Monday, April 23, 2007


Author’s website address:

Books in Print: PARK RIDGE: A Senior Center Murder

Books in Process: Senior Games

Welcome, Cheryl,

1. When and why did you begin writing? All writers say that they’ve been writing forever, which is probably true. I began writing seriously at graduate school working on my master’s in writing from DePaul University.

2. What inspired you to write your first book? PARK RIDGE started as a class assignment at the Park Ridge Senior Center where I’m the writing instructor. Several of the stories were so good (and so much fun!) that the director decided we should have a center-wide mystery writing contest. Eventually the top three winners were adapted as plays to be performed at the center. I wondered what my story might turn into if I took off the word limit – after all, it had five murders in 969 words!

3. How did you approach writing your first book? I started with the four elderly pinochle players who turn into killers. First, I created distinct personas for each, patterns of speech that matched those personas, and wrote their backstories. Second, I layered in the romance between the suburban cowboy detective and the voluptuous senior center director. Having never written mystery nor romance before, in fact, I hadn’t written any fiction beyond one short story, believe me, it was a real challenge! Lastly, I crafted the videotaped interviews to reveal backstory and wrote special first-person, present tense sections for the thoughts of the killers during the actual murders.

4. Who or what influenced your writing? I really enjoy the psychological explorations and discoveries that Ruth Rendell (writing as Barbara Vine) employs in her writing. Patricia Cornwell does a lot of that as well, although it’s not the focus of her books.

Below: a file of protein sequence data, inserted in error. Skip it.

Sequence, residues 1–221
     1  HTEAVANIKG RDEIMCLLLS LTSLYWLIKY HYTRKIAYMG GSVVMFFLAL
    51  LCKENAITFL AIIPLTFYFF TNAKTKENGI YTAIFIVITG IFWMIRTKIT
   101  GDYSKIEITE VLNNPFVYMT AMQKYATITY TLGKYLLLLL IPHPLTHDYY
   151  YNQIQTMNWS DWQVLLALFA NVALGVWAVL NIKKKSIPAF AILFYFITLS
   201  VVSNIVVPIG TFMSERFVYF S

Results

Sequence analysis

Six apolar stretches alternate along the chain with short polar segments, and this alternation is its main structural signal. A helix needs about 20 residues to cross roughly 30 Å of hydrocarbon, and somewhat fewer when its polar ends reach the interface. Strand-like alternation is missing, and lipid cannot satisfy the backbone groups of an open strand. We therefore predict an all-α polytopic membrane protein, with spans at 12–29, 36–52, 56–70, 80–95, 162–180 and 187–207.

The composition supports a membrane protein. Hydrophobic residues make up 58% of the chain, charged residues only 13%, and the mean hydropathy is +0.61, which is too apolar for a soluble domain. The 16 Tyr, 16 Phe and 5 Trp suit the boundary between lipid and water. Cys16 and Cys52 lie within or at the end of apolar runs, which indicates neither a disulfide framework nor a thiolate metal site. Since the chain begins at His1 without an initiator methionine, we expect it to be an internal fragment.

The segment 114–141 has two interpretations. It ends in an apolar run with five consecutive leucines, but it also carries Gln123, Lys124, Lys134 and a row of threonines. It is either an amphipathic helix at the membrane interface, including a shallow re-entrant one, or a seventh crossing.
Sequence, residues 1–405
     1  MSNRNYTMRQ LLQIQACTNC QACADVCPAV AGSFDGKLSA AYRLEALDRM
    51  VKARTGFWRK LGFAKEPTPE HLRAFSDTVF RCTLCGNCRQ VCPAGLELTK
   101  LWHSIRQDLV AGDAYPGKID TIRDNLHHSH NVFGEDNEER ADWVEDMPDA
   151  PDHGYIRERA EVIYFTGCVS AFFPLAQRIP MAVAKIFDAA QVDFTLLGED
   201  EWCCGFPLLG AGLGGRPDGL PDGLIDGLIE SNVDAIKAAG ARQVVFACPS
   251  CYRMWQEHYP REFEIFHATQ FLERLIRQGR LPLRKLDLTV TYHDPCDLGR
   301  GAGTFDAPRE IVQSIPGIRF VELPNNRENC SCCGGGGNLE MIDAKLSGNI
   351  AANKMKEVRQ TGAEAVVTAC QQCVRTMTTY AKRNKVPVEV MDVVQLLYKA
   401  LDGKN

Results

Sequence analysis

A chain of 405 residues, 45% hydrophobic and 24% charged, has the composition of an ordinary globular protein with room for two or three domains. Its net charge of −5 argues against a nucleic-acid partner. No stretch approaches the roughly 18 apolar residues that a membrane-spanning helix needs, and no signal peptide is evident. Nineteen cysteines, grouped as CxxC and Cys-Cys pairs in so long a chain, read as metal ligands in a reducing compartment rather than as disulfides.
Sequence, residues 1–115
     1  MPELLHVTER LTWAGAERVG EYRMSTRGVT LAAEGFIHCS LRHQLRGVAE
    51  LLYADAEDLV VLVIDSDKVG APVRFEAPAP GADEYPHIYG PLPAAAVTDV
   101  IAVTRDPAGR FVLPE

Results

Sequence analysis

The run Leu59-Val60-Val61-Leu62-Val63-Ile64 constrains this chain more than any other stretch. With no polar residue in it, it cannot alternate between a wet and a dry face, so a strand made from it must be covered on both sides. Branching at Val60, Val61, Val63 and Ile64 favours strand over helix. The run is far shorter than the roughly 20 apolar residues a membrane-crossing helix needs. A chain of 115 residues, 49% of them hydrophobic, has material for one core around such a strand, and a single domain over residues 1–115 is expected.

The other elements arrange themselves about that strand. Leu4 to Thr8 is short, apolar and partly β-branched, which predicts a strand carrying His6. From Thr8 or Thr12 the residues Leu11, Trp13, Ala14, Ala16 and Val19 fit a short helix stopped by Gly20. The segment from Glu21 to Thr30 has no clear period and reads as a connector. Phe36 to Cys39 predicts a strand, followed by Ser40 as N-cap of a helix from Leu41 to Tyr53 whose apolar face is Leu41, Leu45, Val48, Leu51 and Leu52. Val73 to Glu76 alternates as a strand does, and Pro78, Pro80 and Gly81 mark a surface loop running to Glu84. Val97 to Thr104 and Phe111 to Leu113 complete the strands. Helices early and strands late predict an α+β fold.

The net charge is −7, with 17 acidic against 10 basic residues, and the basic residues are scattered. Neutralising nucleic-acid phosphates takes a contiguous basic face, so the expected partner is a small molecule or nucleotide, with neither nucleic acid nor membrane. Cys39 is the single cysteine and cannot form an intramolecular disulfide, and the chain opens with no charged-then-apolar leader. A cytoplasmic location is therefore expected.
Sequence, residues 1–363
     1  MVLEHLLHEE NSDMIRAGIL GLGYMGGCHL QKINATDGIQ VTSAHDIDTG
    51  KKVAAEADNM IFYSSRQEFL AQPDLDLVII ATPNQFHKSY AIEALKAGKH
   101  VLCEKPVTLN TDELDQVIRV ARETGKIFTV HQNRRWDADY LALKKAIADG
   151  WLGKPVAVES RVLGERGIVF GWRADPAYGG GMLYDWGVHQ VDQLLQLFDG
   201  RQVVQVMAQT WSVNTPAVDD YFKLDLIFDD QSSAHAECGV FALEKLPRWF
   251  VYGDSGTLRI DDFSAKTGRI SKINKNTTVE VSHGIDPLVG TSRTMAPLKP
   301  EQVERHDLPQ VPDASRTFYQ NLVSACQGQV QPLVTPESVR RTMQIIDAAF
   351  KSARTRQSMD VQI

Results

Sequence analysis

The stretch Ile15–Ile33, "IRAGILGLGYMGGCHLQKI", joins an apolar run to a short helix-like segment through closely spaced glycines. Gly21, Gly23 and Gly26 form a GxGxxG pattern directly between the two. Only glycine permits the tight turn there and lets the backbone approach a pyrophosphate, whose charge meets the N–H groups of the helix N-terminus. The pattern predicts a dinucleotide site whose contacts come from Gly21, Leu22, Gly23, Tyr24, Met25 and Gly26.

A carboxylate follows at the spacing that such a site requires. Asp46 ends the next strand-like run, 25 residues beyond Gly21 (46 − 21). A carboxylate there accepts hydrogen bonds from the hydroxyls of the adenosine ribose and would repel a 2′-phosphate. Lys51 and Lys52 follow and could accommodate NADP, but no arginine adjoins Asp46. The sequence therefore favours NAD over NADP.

5. Why do you continue to write? I enjoy it and to tell the truth, I’m curious about what’s going to happen to the characters. I’ve just finished the second in the series and am hard at work on the third. I’m not sure that there will be a fourth. But if there isn’t, I’ve already started a sci-fi sort of book, have an almost book-length allegory that I want to get back to. Then, when I’m done with fiction and can take a breath, I’ll get back to the biography Iof Theodora Van Wagenen Ward that I started two years ago.

6. What do you hope to accomplish through your writing? Spending time with my characters, asking them why they did this, or why they feel that way, or why they reacted a certain way, forces me to look at my own motivations and responses. Hopefully the results work their way into my books and influence my readers to consider themselves.

7. What has been your experience as a published writer? Elation, depression, frustration, pride.

8. How do you promote your book(s)? Tirelessly. I’m always searching for places to post my book information, to network with other writers. I have a
blog (Senior Center Murders), a website. I’m doing a virtual tour.

9. What advice would you like to share with other writers? Don’t be afraid to use those Freudian slips to your advantage. For instance, in GS, Obs. I was typing along and described the hands of one of my characters as having long dark fingers. I had never considered making him African –American. But I left the "dark" in there and the change really brought something to the story that I had never envisioned.

10. Any other comments you would like to add? Ah, of course!
Buy my book, please.

Thank you Cheryl for your time and good luck with your writing.

Interviewer: Kaye Trout 4/23/2007